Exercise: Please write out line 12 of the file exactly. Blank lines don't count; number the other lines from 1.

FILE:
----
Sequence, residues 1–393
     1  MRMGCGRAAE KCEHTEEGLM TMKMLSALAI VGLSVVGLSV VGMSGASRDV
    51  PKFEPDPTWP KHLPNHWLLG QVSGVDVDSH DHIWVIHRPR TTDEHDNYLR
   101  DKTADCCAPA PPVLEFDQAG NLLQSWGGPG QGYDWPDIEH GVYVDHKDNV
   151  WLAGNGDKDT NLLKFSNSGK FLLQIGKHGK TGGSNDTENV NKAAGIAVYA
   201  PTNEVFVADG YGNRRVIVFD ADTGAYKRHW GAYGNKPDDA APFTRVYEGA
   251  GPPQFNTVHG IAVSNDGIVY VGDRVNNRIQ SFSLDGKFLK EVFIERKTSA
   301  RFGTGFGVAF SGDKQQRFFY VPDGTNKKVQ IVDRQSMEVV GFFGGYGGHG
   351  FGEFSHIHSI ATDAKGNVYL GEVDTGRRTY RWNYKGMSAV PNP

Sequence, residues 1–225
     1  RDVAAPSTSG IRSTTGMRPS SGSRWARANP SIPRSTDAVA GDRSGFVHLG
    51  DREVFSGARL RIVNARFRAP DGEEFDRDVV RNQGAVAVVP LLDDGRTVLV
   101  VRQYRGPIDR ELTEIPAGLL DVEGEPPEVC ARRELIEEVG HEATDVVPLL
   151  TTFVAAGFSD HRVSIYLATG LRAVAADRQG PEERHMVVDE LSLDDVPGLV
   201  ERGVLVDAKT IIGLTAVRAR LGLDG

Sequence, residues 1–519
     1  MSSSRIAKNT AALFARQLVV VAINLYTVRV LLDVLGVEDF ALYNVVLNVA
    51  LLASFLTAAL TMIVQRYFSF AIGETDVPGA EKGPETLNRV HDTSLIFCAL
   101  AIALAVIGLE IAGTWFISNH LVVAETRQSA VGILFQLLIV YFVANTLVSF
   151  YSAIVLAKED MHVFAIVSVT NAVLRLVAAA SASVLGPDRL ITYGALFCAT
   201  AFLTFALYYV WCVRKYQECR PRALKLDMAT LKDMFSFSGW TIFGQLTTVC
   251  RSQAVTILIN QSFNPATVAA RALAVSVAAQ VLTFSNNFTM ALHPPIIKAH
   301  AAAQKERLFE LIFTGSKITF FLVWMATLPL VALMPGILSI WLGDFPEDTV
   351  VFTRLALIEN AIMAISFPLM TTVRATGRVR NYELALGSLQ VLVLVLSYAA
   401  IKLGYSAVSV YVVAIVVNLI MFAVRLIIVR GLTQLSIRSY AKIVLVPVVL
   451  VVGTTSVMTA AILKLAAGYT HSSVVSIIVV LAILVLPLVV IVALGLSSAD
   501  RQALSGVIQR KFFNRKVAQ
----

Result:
    51  DREVFSGARL RIVNARFRAP DGEEFDRDVV RNQGAVAVVP LLDDGRTVLV